Crack the Indie Author Code is free to you as an ebook, Monday to Friday, Nov. 26 – Nov 30 at midnight. As National Novel Writing Month draws to a close this week, please consider picking up the book and its follow-up, Write Your Book: Aspire to Inspire. Both books are packed with information and inspiration for what lies ahead, no matter where you are in your writing and publishing journey. That’s the ad, but there’s more you need to know. Learn from my mistake: Don’t stop there.
Some say there are too many books. I’m a huge fan of choice, so I say there are too many books still in drawers and forgotten on thumb drives after NaNoWriMo is complete. Sure, let it sit in a drawer so you can be realistic when you get back to it. (Have a rest and relearn your children’s names.) However, please don’t let your trip to publication end at 50,000 words.
I believe many of the books that languish after NaNoWriMo can be salvaged with revisions and editing. Okay, maybe not all of them, but many. NaNoWriMo is a fun challenge to begin the process, like a hard swim in the ocean. In braving the waves and heading straight out to sea, you complete 50,000 words or more. That’s certainly an achievement, but it’s not the finish line. You have to swim back and make it to shore. Otherwise, all your hard work is written on water.
An incomplete manuscript niggles, doesn’t it? I know. I have several manuscripts waiting for me. I wrote for years before I began writing full-time, so I built a bank of manuscripts to return to. It’s easier to keep your head in the game when you see one manuscript through to completion. Those big books I’ve written are awfully intimidating when I go back to them to tinker. I’m afraid to lose the thread. It helps my process to be in media res, not just for the characters but for me as I write and rewrite. I will get to those books, of course. I’ll immerse myself again and get back into it, but at first it sure feels like trying to do the butterfly stroke after a long absence from swim practice. I’m always most excited about the newest project, so those books, as worthy as they will be, get pushed farther back in the drawer.
In stopping and starting, I’ve lost energy, time and money. Please learn from my mistake and see NaNoWriMo through to its logical conclusion. Keep swimming.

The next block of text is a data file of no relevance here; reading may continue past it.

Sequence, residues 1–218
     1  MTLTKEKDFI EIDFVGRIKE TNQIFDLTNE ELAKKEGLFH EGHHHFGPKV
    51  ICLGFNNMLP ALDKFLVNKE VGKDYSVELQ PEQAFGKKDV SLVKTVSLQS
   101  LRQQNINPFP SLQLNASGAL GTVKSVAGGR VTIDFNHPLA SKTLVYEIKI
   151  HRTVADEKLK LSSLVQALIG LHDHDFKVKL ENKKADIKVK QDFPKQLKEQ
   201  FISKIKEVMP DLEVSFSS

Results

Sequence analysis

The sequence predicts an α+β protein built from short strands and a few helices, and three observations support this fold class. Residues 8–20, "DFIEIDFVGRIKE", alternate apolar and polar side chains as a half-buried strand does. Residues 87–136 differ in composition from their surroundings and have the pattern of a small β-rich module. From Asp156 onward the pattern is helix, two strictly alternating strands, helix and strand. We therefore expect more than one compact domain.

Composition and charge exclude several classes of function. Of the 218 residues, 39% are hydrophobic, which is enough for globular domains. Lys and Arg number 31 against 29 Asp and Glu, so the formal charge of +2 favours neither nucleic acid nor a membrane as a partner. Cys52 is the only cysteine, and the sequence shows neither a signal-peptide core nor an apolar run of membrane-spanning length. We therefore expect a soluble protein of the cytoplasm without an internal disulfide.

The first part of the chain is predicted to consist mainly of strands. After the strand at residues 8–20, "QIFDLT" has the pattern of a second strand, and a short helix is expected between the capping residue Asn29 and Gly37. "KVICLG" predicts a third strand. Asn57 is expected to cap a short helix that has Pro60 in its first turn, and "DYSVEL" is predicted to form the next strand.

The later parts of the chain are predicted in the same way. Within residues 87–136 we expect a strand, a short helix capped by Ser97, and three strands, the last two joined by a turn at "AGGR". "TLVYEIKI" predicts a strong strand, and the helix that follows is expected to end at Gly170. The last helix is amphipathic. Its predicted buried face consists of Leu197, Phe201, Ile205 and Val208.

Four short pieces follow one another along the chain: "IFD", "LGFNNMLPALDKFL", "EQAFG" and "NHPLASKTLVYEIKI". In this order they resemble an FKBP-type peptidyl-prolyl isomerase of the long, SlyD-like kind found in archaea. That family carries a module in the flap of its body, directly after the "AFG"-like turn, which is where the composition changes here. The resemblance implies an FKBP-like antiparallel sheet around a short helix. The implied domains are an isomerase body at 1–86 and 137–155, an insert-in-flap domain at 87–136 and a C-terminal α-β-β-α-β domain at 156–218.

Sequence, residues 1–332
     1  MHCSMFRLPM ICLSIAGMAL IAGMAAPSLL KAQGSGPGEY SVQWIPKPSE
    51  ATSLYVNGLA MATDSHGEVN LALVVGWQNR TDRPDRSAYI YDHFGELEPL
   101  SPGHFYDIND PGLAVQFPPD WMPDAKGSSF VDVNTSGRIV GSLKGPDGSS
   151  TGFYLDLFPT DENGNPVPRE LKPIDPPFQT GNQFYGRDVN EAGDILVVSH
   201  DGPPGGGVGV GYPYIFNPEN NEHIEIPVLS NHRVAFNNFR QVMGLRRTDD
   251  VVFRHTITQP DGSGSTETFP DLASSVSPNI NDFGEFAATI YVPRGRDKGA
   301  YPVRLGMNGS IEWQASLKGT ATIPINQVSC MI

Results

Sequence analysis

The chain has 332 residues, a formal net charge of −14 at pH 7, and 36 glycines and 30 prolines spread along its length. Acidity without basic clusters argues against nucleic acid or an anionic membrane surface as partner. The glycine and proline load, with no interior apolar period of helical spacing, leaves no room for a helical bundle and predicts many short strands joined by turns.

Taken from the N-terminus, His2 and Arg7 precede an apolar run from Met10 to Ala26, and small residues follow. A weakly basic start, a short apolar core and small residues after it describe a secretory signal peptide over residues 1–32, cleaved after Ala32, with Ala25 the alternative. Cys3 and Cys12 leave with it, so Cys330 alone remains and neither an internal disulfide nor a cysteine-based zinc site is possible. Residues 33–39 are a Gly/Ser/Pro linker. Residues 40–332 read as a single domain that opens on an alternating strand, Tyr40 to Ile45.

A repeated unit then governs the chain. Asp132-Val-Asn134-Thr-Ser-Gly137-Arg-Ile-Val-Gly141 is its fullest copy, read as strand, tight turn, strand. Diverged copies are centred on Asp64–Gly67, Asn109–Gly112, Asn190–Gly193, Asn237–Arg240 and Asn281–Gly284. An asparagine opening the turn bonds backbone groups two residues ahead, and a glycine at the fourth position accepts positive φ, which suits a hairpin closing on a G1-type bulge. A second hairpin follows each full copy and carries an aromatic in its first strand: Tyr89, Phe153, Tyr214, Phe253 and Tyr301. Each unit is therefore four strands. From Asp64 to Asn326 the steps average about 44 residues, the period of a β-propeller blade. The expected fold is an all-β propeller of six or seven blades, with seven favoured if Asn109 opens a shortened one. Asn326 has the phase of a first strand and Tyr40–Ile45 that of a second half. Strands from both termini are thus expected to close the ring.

When I wrote Crack the Indie Author Code, there was a Big Six. Now, with the merger of Penguin and Random House, it’s the Big Five. As
I wrote Write Your Book: Aspire to Inspire, Kindlegraph was the tool to autograph ebooks. Now authors can write inscriptions across publishing platforms using the update, Authorgraph. I mention these two updates not just because I want you to know the latest. I mention it because I published those two books on writing and publishing very recently. Publishing’s landscape is changing so fast, even ebooks updating before anyone can click the “Publish” button. Bookmark ChazzWrites, hit follow and keep coming back for the latest.
Speaking of the latest on changes in the publishing industry, you will certainly want to hear: the latest episode of the podcast, On The Media, from NPR. It’s called Adapt or Die. It’s an excellent summation about the year in publishing. Topics include: The myth of piracy, Amazon versus everyone, getting around Amazon, knockoff books, the bookstore battle over the Tim Ferris’s The 4-Hour Chef and the future of the industry.
~ Robert Chazz Chute was a martial artist when his life was still ruled by macho BS. He writes about writing and publishing, suspense and escape while making jokes to distract readers from the existential abyss that will consume us all. He likes puppies. See his author page and listen to his podcast at AllThatChazz.com.
- #NaNoWriMo:The mission is simple. We are not. (chazzwrites.com)
- NaNoWriMo: My crucial mistake (chazzwrites.com)